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TOM HANKS (Professor Robert Langdon) became the first actor in 50 years to be awarded back-to-back Best Actor Academy Awards®: in 1994, as the AIDS-stricken lawyer in Philadelphia and the following year as Forrest Gump. He also won Golden Globes for both of these performances, along with his work in Big and Cast Away.

Raised in Oakland, California, Hanks became interested in acting during high school. He attended Chabot College in Hayward, California, and the California State University in Sacramento. At the invitation of artistic director Vincent Dowling, he made his professional debut at the Great Lakes Theater Festival in Cleveland, Ohio. He performed in that company for three seasons. 

Moving to New York City in 1978, Hanks performed with the Riverside Shakespeare Company before he was teamed with Peter Scolari in the ABC television comedy series "Bosom Buddies.” This led to starring roles in Ron Howard's Splash, his first collaboration with the director. In 1988, the Los Angeles Film Critics Association recognized his performances in both Big and Punchline with the Best Actor Award. 

Roles followed in films such as A League of Their Own and Sleepless in Seattle.

In 1996, Hanks wrote and directed That Thing You Do!. The film's title song was nominated for an Academy Award® for Best Original Song. 

After re-teaming with Ron Howard in Apollo 13, Hanks served as an executive producer, writer, director and actor for HBO's "From the Earth to the Moon” —an Emmy-winning 12-hour dramatic film anthology that explored the Apollo space program.

In 1998, Hanks starred in Steven Spielberg's Saving Private Ryan, for which he received his fourth Oscar® nomination. The following year he starred in The Green Mile, which was written and directed by Frank Darabont and is based on the six-part serialized novel by Stephen King.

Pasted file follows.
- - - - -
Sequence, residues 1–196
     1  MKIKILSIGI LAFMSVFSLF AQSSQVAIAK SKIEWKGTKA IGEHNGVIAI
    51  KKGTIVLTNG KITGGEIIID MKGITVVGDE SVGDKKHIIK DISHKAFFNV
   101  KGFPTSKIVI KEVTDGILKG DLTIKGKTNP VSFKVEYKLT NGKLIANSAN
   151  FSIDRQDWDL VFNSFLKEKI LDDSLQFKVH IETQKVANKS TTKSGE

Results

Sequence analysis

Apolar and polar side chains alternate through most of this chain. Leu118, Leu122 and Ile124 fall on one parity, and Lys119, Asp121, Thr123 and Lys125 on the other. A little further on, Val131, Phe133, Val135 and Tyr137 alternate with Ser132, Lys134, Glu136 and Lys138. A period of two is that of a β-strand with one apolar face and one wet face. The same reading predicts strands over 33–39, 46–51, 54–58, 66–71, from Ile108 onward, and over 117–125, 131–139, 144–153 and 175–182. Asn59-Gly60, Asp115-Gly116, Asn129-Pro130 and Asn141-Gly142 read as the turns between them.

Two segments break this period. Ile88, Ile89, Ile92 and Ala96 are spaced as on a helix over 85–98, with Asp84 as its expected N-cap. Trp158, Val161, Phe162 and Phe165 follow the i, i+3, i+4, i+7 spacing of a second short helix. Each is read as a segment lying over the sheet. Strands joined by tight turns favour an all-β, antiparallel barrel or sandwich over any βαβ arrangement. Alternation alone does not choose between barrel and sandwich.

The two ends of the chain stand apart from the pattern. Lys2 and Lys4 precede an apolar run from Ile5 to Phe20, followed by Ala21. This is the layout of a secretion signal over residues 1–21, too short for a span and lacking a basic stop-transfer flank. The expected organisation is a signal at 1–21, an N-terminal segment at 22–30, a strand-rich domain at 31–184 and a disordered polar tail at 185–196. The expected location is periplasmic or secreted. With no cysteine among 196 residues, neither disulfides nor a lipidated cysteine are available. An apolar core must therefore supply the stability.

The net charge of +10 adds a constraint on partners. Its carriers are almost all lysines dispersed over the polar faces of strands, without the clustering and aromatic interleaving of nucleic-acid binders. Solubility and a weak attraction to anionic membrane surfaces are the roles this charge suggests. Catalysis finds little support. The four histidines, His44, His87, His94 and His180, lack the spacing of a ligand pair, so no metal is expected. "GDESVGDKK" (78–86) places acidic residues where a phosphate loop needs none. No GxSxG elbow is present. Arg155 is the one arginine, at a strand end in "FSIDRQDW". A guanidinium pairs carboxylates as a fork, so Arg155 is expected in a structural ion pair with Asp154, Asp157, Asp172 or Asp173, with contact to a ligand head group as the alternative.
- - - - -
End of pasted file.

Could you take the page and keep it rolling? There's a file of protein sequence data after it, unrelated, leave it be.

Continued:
In 2000, Hanks reunited with director Robert Zemeckis and screenwriter William Broyles, Jr. in Cast Away, for which he received yet another Oscar® nomination.

In 2000, he served again with Steven Spielberg, as executive producer, writer and director for another epic HBO miniseries, "Band of Brothers,” based on Stephen Ambrose's book. The miniseries aired in the fall of 2001 to wide-scale critical acclaim, leading to an Emmy Award and Golden Globe for the Best Miniseries in 2002. 

In 2002, Hanks starred in Road to Perdition, opposite Paul Newman and Jude Law under Sam Mendes' direction. It was followed by Spielberg's Catch Me If You Can, opposite Leonardo DiCaprio, which was based on the true-life exploits of international confidence man Frank Abagnale, Jr.

Hanks teamed for a third time with Spielberg in The Terminal, opposite Catherine Zeta-Jones and followed it with the Coen brothers' dark comedy, The Ladykillers. In November 2004, Hanks starred in the film adaptation of the Caldecott Medal-winning children's book The Polar Express by Chris Van Allsburg, which reunited him once again with director Robert Zemeckis. 

In 2006, Hanks was seen playing Robert Langdon in the film adaptation of Dan Brown's novel The Da Vinci Code, helmed by Ron Howard and also starring Audrey Tautou, Paul Bettany, Ian McKellen and Jean Reno. 

In 2007, Hanks starred opposite Julia Roberts and Philip Seymour Hoffman in Mike Nichols' Charlie Wilson's War.


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